The director of the New England VA Healthcare system announced his retirement Wednesday.
Dr. Michael Mayo-Smith's departure comes a day after New Hampshire's two congresswomen, Annie Kuster and Carol Shea-Porter, called for his removal.
Allegations of mismangement at New England VA facilities have dogged Mayo-Smith over much of the past year. Last summer, a dozen whistleblowers at the Manchester VA came forward with allegations of substandard care that caused some patients lasting harm. They were vocal opponents of Mayo-Smith and called for his removal then.
At a press conference in Washington, D.C., VA Secretary David Shulkin announced Mayo-Smith's retirement, as well as those of two other leaders of VA regions called VISNs. Shulkin said they all left voluntarily.
"There should be no attempt to read into anybody being forced out of this organization," Shulkin said. "All three VISN directors are people who have served the VA over long periods of time with great dignity and service and they deserve our gratitude."
Dr. Ed Kois, a leader of the whistleblowers group, said Kuster's call was instrumental in removing Mayo-Smith, whom Kois described as too focused on faulty metrics and unwilling to address problems at the Manchester VA.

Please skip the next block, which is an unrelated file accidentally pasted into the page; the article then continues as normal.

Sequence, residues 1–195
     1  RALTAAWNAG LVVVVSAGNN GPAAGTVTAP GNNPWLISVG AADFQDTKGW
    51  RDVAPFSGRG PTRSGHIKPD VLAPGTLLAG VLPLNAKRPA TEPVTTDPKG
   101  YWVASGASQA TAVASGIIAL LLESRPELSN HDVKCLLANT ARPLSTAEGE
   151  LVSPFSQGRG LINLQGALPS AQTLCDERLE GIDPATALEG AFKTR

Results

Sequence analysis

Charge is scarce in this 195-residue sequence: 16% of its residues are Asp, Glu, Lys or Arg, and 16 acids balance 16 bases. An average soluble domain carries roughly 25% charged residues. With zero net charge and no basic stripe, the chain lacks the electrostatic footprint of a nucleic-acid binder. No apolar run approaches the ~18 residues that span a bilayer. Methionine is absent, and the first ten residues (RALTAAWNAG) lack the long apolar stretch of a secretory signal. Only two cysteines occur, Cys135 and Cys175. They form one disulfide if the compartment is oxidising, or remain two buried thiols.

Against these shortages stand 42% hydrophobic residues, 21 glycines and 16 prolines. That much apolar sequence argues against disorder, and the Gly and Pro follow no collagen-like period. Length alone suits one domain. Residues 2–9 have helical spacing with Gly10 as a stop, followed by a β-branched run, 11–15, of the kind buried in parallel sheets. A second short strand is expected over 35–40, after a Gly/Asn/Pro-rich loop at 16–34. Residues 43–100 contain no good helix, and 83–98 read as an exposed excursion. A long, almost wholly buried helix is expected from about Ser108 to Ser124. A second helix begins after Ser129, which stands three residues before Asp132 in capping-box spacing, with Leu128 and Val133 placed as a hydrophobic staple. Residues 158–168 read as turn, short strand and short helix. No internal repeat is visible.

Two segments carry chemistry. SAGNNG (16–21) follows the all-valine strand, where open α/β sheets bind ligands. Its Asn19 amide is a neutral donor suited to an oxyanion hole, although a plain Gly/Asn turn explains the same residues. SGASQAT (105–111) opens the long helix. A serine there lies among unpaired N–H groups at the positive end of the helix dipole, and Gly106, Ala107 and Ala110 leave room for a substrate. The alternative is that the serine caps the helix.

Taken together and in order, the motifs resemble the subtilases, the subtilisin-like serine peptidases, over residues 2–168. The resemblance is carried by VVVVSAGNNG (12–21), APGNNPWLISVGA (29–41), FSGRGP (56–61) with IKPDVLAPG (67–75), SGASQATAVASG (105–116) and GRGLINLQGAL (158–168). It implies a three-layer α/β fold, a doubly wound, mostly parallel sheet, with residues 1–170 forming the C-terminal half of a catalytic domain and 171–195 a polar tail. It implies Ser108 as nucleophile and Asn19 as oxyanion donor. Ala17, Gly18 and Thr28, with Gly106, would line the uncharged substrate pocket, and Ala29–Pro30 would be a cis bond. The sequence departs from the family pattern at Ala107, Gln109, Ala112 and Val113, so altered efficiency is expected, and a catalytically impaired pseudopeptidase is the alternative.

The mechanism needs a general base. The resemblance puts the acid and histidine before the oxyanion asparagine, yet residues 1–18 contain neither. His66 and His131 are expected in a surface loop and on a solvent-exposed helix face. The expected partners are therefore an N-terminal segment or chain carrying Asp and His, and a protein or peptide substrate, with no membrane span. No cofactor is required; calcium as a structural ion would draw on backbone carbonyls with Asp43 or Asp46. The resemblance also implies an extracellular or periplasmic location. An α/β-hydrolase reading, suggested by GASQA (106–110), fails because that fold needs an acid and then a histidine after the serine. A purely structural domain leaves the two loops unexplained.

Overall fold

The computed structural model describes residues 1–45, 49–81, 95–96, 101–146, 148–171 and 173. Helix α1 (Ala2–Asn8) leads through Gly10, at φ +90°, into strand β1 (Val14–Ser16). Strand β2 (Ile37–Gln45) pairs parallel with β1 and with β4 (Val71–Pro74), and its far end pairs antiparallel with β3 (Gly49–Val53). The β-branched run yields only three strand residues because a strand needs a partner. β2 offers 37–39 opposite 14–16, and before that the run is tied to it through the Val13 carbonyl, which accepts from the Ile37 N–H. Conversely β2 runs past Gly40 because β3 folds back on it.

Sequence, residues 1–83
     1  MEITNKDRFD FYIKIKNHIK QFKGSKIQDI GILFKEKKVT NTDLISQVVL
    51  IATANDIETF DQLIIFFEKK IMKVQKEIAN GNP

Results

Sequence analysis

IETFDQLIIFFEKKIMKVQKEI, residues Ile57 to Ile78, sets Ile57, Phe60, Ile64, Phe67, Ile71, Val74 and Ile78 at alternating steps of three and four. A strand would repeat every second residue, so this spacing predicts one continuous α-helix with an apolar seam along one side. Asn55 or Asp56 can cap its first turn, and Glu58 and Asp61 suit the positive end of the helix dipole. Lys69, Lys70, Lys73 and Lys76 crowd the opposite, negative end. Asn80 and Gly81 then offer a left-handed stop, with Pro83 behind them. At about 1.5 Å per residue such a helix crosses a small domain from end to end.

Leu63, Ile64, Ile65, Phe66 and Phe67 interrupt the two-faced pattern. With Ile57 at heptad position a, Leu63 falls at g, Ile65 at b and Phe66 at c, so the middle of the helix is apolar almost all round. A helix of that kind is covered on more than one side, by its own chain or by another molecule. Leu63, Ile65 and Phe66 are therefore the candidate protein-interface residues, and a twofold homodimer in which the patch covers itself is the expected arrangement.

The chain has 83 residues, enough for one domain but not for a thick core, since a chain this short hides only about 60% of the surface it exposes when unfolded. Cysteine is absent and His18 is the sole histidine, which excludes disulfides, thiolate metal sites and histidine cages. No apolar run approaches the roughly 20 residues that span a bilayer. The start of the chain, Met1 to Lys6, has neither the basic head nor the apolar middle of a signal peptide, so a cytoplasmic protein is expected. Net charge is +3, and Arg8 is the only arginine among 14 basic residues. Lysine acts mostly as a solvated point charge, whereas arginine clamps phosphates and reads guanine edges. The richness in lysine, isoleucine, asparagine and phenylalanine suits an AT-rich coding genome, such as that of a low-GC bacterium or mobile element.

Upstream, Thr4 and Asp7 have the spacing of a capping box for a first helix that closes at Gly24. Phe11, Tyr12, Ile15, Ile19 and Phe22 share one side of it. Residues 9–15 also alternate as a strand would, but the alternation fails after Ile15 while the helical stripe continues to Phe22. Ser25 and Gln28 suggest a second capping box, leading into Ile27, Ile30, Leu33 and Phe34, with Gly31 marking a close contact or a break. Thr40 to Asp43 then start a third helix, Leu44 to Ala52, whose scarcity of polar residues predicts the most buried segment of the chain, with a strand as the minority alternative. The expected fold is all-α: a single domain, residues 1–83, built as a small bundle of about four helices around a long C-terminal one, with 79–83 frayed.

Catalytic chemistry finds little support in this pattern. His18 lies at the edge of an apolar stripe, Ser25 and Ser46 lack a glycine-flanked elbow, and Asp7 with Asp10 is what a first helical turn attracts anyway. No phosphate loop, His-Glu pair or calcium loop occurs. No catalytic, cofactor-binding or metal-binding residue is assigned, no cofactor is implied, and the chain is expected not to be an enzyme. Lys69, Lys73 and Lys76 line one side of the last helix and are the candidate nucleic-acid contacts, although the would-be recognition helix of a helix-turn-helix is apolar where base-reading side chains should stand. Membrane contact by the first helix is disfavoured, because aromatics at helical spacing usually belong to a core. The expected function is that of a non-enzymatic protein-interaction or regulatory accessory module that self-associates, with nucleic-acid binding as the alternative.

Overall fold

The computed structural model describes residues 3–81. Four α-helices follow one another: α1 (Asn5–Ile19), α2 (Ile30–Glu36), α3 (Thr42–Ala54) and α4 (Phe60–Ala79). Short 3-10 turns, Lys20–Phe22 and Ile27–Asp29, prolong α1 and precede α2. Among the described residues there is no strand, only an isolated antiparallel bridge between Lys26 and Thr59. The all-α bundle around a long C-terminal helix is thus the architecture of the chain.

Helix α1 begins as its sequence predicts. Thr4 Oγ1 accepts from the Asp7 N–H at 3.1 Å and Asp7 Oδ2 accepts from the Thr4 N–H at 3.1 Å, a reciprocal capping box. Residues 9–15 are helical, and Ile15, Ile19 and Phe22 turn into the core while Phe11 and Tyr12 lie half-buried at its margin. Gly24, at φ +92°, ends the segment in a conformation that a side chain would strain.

"He's like the captain of the ship that doesn't realize that they hit the iceberg three hours ago, and it's almost sunk," said Kois.
Neither Mayo-Smith nor the VA has not responded to NHPR's request for comment. But in his announcement letter to VA staff, Mayo-Smith notes his nearly four decades of service to veterans and "outstanding performance for VISN 1 in many areas such as access, mental health care, patient experience, employee satisfaction and research."
Following the whistleblowers' accusations of substandard care last summer, Secretary Shulkin appointed Mayo-Smith as a co-chair of a task force looking at the future of healthcare for New Hampshire's veterans. He was removed from that task force following complaints from whistleblowers and New Hampshire's congressional delegation.
VA officials at the time insisted that the panel remain "independent of his views," though he did go on to present research to the task force, including metrics showing superior performance for VISN 1 in a variety of areas.
Sources say Mayo-Smith's retirement takes effect immediately. At Wednesday's press conference, Shulkin announced the retirements of VISN leaders overseeing the troubled medical centers in Washington, D.C. and Phoenix, Arizona.
VA Secretary Shulkin says Dr. Bryan Gamble, who had been working at the VA Medical Center in Orlando, Florida, will oversee the New England VA Healthcare System as well as the other two VISNs.
On the subject of Gamble's leadership, Kois said it's best to wait and see.